Bill of Law on Insolvency Resolution: a proposal for rescuing viable companies

The use of bankruptcy proceedings as punitive sources for insolvent debtors has been left frozen in time. When enacted, Law No. 154/69 regarding Bankruptcy was one of the most modern in Latin America. However, to this date this law is rarely applied and the idea of “punishing” a debtor for reaching insolvency is gradually abandoned. Modern insolvency systems seek to recover the debtor’s business, by reorganizing or restructuring the debts rather than liquidating the assets, as this contributes to the development of the economy and is under the belief that it is preferable to maintain a business or company that once was feasible, despite the financial problems that the business or the company may have encountered on the way.

The truth is that, when facing financial problems in these days, insolvency and bankruptcy provided by Law No. 154/69 are not considered attractive for both debtors and creditors, so we express our total approval to the insolvency reform initiative in Paraguay. In fact, the Bill of Law on Insolvency Resolution was submitted to the Congress, intended to keep those effective provisions of the current law but, at the same time, adding some modern touches to our bankruptcy system through the incorporation of new institutions.

Extrajudicial reorganization agreement, preservation of business through a sale under way, cross-border insolvency and mixed model of receivership are some of the new additions.

Extrajudicial reorganization agreement is a preliminary step before filing for insolvency and allows the debtor in a state of insolvency or with financial problems to agree with an absolute majority of the creditors, namely representing two thirds of the accountable capital, a debt restructuring. The Bill provides for the approval of this agreement before a judge and such approval has the same effects as an approved composition of creditors in insolvency proceedings.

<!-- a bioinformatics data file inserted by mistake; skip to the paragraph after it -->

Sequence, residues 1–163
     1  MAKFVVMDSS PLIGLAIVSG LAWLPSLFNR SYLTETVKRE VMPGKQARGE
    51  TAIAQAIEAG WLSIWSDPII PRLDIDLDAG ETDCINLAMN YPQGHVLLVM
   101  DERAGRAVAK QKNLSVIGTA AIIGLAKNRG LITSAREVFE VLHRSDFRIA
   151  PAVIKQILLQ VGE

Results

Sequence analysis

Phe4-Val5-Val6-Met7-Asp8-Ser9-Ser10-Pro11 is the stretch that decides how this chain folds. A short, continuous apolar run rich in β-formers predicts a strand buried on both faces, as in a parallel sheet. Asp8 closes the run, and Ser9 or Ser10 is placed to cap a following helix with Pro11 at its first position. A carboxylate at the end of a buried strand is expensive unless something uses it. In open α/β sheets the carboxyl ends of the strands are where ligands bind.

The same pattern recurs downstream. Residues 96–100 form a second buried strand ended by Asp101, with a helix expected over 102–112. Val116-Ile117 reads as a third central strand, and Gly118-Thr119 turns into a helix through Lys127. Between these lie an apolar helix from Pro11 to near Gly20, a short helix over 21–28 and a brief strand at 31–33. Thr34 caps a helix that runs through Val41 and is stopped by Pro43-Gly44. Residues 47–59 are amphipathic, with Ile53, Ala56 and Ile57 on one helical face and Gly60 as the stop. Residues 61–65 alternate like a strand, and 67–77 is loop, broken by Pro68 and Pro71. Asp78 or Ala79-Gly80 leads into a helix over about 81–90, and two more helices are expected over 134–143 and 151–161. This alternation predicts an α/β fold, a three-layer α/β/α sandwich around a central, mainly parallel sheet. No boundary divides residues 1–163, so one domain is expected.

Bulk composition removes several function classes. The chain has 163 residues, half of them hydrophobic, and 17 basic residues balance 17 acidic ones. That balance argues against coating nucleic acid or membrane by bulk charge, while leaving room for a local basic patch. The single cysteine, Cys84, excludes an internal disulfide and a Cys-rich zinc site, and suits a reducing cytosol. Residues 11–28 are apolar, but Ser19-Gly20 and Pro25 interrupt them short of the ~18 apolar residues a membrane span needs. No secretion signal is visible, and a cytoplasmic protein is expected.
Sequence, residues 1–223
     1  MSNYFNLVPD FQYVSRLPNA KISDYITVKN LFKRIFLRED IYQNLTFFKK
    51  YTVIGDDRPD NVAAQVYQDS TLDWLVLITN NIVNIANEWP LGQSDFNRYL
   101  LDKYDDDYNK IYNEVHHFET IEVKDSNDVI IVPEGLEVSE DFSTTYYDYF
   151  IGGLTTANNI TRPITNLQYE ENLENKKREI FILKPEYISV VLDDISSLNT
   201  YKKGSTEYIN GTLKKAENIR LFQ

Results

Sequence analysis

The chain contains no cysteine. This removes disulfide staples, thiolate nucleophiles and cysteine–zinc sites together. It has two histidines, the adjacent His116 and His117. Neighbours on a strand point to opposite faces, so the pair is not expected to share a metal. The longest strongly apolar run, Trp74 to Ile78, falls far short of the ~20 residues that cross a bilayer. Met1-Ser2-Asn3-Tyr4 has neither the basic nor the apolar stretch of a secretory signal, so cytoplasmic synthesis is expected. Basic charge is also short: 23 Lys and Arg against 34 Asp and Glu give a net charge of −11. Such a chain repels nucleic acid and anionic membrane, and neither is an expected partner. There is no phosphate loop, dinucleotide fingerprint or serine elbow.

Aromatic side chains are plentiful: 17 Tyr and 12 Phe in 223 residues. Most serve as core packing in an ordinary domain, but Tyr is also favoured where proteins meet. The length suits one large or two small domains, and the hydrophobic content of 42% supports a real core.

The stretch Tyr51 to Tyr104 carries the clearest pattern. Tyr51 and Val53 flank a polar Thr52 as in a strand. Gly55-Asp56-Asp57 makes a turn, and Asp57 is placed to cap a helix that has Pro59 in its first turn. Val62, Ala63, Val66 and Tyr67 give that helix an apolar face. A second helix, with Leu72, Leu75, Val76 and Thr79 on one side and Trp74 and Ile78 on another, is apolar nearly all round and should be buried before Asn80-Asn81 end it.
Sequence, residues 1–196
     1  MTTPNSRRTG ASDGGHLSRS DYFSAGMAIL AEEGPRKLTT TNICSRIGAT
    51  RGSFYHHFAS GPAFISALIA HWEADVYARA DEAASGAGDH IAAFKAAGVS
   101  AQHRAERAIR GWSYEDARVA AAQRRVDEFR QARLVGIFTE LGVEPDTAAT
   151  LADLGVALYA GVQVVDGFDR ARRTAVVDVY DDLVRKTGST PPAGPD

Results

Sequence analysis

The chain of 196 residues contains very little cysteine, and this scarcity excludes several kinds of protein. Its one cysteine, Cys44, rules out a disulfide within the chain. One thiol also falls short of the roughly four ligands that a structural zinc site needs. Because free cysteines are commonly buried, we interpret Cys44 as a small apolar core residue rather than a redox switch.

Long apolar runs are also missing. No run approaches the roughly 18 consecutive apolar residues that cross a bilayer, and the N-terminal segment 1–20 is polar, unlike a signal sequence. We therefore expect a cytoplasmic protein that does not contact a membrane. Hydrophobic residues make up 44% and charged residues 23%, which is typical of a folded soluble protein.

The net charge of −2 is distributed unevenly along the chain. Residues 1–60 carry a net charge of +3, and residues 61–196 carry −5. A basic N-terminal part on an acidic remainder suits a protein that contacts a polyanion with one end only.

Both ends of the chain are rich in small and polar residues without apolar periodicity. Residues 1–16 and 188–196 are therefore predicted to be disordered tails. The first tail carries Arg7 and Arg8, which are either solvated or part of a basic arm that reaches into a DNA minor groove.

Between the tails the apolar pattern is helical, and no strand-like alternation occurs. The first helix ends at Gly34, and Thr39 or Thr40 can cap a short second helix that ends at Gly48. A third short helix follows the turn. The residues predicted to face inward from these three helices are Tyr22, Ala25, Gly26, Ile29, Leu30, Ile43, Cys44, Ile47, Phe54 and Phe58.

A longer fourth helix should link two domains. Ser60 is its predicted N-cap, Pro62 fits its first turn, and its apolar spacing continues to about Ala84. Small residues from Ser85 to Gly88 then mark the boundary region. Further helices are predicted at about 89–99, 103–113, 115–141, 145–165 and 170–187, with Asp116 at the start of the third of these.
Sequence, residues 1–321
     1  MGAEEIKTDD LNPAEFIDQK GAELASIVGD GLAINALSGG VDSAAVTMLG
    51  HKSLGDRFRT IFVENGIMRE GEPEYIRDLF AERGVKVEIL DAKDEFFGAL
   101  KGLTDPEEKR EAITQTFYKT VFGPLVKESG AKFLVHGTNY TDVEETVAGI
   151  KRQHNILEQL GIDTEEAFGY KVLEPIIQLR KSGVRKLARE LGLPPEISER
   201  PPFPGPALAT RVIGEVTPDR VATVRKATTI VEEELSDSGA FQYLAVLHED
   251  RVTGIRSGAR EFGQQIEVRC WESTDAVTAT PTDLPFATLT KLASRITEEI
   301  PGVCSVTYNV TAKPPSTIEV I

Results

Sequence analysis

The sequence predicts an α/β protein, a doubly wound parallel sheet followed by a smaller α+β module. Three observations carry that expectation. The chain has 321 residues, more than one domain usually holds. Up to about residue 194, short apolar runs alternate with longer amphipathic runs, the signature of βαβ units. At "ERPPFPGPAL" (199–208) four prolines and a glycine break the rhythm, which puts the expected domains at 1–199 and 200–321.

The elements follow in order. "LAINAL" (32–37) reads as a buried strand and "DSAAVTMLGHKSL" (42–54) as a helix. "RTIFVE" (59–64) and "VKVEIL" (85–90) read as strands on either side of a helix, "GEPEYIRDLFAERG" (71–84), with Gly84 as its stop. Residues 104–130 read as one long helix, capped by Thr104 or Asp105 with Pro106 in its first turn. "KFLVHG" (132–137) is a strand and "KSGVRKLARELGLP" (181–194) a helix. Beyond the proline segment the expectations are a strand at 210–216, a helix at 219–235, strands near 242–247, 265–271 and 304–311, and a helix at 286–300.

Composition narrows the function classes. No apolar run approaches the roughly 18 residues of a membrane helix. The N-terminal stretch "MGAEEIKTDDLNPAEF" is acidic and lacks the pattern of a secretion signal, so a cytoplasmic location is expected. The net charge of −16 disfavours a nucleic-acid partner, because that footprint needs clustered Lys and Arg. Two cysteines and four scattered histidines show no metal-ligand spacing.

Furthermore, as a novelty, the bankruptcy process incorporates the sale of assets as a unit or the company in working order, which allows a more efficient settlement. In some cases, selling the unit or the company is more practical than liquidating the assets separately. This inclusion demonstrates the trend towards reorganization and recovery of a feasible business even in bankruptcy cases.

In addition, Model Law on Cross-Border Insolvency by the United Nations Commission on International Trade Law is adopted. This section of the project basically seeks to regulate cooperation between the Paraguayan authorities and those of foreign countries, create a mechanism that provides greater legal security to trade and investment, guarantee the protection of the debtor’s assets, optimize their value and protect the interests of creditors and other interested parties. 

Perhaps one of the most expected inclusions is the mixed system of receivers established by the bill. Currently, there are only six receivers in charge of all bankruptcy proceedings in the country. This deficiency also contributes to make the bankruptcy proceedings an unattractive solution for both debtors and creditors. This project is focused in appointing independent professionals with degrees in Laws or Economics, Accounting or Business Administration, as receivers; to that end, a registry or list under responsibility of the Judicial Council and the General Bankruptcy Receivership should be set. This list would be valid for five years. 

The interesting part of this is the procedure established for the selection and appointment of receivers in bankruptcy proceedings. The same will be drawn by lot and the appointed receiver shall not participate in future draws until the list is closed, which ensures a good and balanced distribution of the work for receivers.

Undoubtedly these inclusions will strengthen the system in regard to insolvency cases in the country. Promulgation thereof will contribute for developing the economy and attracting new businesses in the country.